Abstract  A comprehensive dynamic model of the monetary economy that produces the key characteristics of debt deflation has been presented recently by Steve Keen as an alternative to conventional approaches. His model is based on a double-entry bookkeeping methodology but lacks an acceptable profit theory. In this respect, it is not different from familiar approaches. Clearly, a deficient profit theory prevents a proper understanding of how the real-world economy works. The present paper takes an entirely different route and places the core of Fisher's debt-deflation theory into the context of the consistent structural axiomatic approach.

June 13, 2012

Crisis and Methodology: Some Heterodox Misunderstandings {31}

Whether justified by the concrete circumstances or not, an economic crisis is, by simple association, taken as an implicit refutation of the invisible hand vision and the underlying theory. The fundamental heterodox critique locates the source of apparent theoretical difficulties at the level of methodology. Although acceptable in principle, this belief involves some actual misunderstandings with regard to the respective roles of deterministic laws and deductive reasoning. In order to clarify these, the present paper revisits some key episodes in the history of economic methodology.

May 15, 2012

Geometrical exposition of structural axiomatic economics (I): fundamentals {30}

Working paper at SSRN

Abstract  Behavioral assumptions are not solid enough to be eligible as first principles of theoretical economics. Hence all endeavors to lay the formal foundation on a new site and at a deeper level actually need no further vindication. Part (I) of the structural axiomatic analysis submits three nonbehavioral axioms as groundwork and applies them to the simplest possible case of the pure consumption economy. The geometrical analysis makes the interrelations between income, profit, employment, and money under the conditions of market-clearing and budget-balancing immediately evident.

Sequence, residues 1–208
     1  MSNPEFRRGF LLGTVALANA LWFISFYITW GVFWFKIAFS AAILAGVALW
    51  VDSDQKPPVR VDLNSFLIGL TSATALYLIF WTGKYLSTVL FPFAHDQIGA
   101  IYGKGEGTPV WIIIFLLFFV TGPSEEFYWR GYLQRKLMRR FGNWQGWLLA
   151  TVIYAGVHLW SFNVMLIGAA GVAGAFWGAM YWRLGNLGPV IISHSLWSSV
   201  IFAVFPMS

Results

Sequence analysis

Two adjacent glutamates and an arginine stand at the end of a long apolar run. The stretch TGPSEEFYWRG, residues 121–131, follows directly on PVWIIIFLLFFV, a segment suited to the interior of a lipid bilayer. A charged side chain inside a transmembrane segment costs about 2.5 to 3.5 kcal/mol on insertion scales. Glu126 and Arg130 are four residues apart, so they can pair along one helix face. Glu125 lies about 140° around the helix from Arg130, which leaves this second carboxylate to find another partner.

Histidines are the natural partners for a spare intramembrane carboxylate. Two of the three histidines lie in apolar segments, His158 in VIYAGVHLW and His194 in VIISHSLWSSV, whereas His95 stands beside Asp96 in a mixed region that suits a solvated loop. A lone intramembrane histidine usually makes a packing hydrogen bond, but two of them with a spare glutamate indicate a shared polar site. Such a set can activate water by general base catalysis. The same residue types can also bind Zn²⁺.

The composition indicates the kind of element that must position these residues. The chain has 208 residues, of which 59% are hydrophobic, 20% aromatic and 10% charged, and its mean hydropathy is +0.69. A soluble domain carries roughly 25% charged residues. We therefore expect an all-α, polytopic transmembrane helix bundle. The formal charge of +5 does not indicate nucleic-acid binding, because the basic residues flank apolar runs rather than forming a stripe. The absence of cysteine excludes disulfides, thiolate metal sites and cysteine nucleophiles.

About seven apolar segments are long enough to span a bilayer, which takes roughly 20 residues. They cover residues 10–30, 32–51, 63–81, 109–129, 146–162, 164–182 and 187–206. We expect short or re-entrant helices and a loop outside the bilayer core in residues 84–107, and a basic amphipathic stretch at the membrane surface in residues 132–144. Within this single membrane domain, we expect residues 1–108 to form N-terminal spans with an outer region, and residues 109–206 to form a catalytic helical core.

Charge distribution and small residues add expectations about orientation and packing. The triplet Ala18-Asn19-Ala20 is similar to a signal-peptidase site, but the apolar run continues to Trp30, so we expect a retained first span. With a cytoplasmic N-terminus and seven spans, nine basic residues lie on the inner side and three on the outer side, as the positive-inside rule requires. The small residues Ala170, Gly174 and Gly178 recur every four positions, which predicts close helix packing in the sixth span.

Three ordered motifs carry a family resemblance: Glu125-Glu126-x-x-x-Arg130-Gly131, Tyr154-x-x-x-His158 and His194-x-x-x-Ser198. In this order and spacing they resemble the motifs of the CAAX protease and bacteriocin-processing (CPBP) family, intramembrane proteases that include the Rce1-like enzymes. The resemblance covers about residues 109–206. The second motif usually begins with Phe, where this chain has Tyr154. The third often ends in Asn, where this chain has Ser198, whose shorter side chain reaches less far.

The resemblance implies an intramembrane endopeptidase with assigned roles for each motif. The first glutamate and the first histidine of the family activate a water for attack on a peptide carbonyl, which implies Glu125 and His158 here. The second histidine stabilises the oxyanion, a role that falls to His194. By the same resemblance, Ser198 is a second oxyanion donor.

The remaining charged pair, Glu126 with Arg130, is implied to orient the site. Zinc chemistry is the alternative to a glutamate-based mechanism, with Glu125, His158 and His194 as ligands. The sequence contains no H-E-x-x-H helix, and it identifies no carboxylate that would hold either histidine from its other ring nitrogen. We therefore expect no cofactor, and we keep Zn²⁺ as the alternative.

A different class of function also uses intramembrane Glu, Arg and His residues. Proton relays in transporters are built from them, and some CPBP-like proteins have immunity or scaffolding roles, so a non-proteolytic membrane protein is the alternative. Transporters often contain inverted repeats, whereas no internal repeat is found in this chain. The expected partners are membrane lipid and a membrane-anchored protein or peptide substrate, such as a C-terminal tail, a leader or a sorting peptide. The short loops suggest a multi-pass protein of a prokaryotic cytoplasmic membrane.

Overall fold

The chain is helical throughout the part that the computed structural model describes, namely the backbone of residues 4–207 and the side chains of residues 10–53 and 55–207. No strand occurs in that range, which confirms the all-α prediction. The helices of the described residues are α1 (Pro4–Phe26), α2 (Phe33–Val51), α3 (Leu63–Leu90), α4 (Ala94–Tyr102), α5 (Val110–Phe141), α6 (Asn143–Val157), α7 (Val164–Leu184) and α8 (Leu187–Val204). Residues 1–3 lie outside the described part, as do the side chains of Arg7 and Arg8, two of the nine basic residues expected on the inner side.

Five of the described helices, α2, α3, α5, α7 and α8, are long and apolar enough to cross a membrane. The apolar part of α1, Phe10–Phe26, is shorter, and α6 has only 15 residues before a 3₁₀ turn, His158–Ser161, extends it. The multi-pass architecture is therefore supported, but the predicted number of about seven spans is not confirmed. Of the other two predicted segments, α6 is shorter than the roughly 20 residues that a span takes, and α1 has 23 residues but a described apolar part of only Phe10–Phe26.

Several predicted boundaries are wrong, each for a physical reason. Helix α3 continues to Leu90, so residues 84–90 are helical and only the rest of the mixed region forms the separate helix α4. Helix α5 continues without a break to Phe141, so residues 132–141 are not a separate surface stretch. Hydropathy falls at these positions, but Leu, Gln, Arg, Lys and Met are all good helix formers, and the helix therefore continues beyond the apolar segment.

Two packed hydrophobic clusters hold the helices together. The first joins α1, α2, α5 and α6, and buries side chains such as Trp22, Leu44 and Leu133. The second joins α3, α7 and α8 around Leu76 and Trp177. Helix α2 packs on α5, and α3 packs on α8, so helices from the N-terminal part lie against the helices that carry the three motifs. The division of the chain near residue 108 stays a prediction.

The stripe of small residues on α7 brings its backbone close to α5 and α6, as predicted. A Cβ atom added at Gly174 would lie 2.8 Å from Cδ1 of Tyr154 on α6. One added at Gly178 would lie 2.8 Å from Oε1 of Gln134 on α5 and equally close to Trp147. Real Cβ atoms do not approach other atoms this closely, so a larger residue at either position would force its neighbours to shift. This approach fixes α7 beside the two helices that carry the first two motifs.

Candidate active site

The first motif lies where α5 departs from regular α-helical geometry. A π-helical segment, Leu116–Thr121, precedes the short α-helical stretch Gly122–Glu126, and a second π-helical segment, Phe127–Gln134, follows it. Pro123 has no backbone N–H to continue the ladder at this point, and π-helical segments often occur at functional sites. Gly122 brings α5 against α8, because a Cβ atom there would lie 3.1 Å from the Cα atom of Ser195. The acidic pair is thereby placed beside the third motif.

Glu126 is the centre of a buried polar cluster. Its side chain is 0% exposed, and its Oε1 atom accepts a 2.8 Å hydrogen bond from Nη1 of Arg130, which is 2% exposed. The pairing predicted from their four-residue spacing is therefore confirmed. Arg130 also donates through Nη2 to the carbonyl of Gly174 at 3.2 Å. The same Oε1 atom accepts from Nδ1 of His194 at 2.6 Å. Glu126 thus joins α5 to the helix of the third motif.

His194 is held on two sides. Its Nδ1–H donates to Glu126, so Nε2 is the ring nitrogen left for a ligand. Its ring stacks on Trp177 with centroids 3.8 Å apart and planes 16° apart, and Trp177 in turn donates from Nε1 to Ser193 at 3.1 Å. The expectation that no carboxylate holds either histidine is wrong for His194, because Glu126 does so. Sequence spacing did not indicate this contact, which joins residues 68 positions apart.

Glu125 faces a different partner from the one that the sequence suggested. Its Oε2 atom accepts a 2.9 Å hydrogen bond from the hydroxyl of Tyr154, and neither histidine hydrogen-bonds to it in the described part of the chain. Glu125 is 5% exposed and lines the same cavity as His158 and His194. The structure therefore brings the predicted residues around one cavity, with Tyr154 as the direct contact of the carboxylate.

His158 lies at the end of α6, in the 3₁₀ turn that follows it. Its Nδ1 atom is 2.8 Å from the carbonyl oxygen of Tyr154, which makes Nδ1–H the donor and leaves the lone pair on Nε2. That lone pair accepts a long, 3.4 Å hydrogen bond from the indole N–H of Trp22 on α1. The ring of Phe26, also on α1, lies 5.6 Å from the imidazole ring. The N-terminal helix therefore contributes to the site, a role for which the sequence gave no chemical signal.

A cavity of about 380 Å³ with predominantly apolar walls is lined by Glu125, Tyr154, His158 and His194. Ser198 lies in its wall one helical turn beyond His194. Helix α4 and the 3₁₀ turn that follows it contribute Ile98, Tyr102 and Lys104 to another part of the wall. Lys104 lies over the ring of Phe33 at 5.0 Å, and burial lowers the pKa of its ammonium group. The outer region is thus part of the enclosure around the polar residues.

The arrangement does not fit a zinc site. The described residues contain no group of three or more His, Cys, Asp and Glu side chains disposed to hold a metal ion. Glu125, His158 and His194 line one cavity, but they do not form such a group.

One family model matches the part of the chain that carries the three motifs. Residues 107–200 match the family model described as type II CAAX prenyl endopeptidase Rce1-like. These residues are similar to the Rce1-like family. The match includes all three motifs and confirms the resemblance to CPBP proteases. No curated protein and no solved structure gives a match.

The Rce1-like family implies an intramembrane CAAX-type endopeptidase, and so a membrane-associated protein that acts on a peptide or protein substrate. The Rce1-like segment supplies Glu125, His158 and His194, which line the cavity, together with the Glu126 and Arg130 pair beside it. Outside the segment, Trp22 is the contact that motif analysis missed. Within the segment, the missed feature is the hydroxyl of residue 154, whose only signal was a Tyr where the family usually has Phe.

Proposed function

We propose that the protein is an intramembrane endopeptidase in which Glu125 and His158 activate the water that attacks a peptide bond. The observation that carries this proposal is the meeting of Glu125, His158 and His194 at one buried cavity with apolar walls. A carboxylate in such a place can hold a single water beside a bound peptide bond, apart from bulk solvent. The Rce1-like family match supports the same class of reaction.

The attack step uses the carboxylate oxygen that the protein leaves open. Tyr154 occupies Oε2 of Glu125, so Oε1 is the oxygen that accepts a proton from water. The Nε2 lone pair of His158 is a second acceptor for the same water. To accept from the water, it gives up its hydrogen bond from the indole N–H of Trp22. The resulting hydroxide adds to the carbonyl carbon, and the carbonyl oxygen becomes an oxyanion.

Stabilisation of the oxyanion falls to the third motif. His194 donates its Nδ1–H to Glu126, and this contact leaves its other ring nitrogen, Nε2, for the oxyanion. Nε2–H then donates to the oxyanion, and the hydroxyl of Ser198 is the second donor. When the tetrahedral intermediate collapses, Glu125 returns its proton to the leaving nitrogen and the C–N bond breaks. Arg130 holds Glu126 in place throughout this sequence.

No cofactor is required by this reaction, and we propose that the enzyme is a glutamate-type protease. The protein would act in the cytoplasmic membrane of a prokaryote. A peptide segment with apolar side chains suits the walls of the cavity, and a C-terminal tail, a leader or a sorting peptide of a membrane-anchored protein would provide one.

March 2, 2012

Income Distribution, Profit, and Real Shares {27}

This paper clarifies first the nature and significance of monetary profit by applying the structural axiom set as a consistent point of departure. As a crucial result, the fundamental theorem of income distribution emerges. It states: profit is no factor income. Since the individual firm is blind to this structural fact it subjectively interprets profit as some kind of reward. As a matter of fact, firms do not ‘make’ profit, they only redistribute it among themselves. With profit consistently defined it is possible to determine the nominal and real shares of the elementary income categories wage income and distributed profit.

January 31, 2012

Taxes, profits, and employment: a structural axiomatic analysis {26}

Working paper at SSRN

Abstract  Standard economics is regarded as the theory of the market system. Profit is the pivotal phenomenon of this system. Contrary to expectations, though, profit is neither well defined nor fully understood. The frailty of the theoretical core is passed on to the subfields. This paper provides a consistent definition of profit and applies it to the analysis of the effects of the government sector's budget on employment and the profitability of the business sector. Since the formal point of departure is different from the standard approach it is quite natural that we arrive at new conclusions on some fundamental issues.